This emphasis on PLAYER-skill over PC-skill btw. continues throughout the whole module. There are exactly two possible encounters en route to the monolith that are more classic: The first is an encounter with a nudist colony of pacifists, supernaturally ageless and fertile, the colony subsisting on its own children. Yes, this is disturbing. Yes, that would be the shock-value encounter to piss off folks. It didn’t do much for me, but neither was I offended. The second deals with basically a mutated, ginormous angler-fish monstrosity, which would be a perfect place to note that Aeron Alfrey’s illustrations throughout the module are PHENOMENAL. Weird, disturbing, glorious art. Love them.

Anyways, the more interesting encounter would be the contribution by none other than Kenneth Hite, who wrote “The Owl’s Service.” The PCs happen upon strange statues ringing a clearing, a corpse, which may have a possession that is starkly like one held by the PCs – and in the aftermath, the PCs may well find their SPELLSLOTS infested by owls after disturbing dreams. The infestation may well spread…and the head of that corpse was bashed in…perhaps to let out the owls? There is no explanation here; no easy remedy. Just a plainly weird and encroaching doom that any campaign can handle as befitting of its own paradigms and dynamics. It could be just a curse to remove, but it similarly could be a world-threatening magical disease that spreads from caster to caster…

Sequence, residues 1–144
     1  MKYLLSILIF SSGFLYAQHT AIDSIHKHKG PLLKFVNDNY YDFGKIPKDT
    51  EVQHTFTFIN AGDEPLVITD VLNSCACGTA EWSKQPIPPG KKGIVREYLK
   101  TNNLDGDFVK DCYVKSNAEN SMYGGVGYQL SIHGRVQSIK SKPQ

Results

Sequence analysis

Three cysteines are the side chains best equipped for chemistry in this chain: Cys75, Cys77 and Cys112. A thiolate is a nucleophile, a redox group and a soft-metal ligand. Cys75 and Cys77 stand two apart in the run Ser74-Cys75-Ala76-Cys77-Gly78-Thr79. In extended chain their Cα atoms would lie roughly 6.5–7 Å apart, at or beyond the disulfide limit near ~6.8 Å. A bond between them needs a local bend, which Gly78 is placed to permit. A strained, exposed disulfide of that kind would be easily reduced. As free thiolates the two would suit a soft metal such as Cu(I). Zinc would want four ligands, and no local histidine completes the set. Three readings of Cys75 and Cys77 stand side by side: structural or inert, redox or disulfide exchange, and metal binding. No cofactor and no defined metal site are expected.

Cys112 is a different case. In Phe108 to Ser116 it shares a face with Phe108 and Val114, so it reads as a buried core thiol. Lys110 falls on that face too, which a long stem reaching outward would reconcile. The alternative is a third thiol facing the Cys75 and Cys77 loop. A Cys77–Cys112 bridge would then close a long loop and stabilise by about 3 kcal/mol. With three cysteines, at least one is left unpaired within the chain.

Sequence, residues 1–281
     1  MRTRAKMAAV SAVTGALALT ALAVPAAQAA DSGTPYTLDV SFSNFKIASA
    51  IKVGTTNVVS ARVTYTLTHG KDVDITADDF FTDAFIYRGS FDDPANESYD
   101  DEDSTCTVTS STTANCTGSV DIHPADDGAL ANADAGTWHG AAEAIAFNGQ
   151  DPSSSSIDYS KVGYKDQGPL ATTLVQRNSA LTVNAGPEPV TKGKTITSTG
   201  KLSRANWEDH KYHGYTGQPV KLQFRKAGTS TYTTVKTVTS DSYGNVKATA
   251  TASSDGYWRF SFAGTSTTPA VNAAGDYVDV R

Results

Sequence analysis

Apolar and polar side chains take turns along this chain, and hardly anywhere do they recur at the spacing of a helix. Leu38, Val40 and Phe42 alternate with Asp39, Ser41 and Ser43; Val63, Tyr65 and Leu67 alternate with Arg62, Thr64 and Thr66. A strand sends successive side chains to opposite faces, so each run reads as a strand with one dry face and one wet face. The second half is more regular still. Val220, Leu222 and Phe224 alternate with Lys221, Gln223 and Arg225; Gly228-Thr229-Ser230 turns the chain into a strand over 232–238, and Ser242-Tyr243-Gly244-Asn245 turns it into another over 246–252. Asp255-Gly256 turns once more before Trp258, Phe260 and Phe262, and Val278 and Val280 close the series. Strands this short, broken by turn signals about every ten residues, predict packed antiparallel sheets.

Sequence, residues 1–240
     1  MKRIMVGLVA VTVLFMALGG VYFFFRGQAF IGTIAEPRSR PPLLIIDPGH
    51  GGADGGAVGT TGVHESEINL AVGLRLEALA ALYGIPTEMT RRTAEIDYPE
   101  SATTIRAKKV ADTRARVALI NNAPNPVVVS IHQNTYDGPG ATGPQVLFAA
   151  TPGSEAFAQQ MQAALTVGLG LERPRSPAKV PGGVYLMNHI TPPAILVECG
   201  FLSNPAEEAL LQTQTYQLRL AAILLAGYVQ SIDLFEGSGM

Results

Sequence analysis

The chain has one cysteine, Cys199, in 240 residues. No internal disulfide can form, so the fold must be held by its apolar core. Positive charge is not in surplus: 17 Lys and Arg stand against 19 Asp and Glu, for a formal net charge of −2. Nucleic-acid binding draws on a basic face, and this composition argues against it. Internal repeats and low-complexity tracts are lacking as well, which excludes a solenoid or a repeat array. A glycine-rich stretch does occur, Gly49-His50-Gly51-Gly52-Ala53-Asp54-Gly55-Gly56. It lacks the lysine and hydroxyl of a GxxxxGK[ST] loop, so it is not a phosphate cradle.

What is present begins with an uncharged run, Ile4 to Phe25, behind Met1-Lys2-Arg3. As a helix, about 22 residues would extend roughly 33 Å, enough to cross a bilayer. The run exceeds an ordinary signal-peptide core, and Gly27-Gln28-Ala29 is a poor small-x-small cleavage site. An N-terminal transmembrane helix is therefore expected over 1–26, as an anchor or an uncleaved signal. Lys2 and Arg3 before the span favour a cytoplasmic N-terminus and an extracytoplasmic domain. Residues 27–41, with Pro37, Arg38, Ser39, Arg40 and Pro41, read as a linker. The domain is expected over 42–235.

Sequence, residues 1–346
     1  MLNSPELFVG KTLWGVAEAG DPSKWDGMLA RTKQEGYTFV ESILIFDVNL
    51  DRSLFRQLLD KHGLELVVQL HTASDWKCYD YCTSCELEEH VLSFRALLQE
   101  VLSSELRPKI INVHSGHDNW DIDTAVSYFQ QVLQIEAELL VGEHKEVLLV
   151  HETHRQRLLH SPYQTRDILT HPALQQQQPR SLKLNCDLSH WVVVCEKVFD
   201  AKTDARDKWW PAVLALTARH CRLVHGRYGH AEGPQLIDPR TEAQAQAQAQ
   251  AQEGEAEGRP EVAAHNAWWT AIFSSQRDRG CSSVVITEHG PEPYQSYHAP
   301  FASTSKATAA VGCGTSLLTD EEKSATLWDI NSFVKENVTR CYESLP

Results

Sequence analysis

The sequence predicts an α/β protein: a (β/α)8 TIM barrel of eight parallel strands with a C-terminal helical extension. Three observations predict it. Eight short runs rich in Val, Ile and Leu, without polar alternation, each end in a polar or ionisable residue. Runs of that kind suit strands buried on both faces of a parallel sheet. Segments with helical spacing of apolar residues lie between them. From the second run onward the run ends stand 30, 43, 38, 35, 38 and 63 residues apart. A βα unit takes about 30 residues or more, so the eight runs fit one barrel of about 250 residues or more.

Arriving at the monolith has its own hazards and, indeed, represents another potential fallout during/after the adventure – seeing the monolith has the PCs invaded by microscopic invaders, whose civilizations in them rise and fall, becoming even more hyper-advanced. Unfortunately, this also hijacks the PCs when they are asleep, making them invincible killing machines with a pretty extensive kill-boundary. Once more, this is provided as a problem that can have dire consequences for the PCs, but when handled properly, it can make for a truly horrific revelation at the table…and solving the problem can be amazing. Unlike the owls-issue, closing the monolith can deal with this one, rendering them dormant…but yeah. I can see how these invaders can really irk folks only used to “I’m good, therefore I kill evil stuff.”

The monolith also has a guardian, who is a rather dangerous entity…and once more, represents something the PCs can’t bash apart. See a theme there? As noted above, this is not a module you can rollplay to win.

The inside of the monolith continues this almost psychedelic nightmare – there is only the way in which the character is facing. Closing eyes also ends the way, entrapping the character, unable to move until the eyes are once more opened to The Way. The tunnel is always in front of the character, a single line. Distance does not truly exist, and an example of how this works is given – within the monolith, the PCs have basically already reached the treasure-chamber…if the players understand how to get to it! The monolith allows access to other worlds and times, contains strange healing pods – and attempts to find the “control room” or the like will actually have the PCs within the brain of the respective PC who voiced that wish. And yes, destroying stuff there may not be wise. Weaponry-wise, the PCs can find a slime/ooze-drinking worm-symbiote…and the head of Carter Holmes. This is actually the main “treasure” of the adventure, and it is twisted. The man is a thoroughly vile magic-user. Pardon. Was. He’s just a head now. Literally confined to this place for all eternity. He wants to die. And tells the PCs about the kewl loot they can get – they just need to eat his brain. Yes. The disembodied head offers for his brain to be eaten.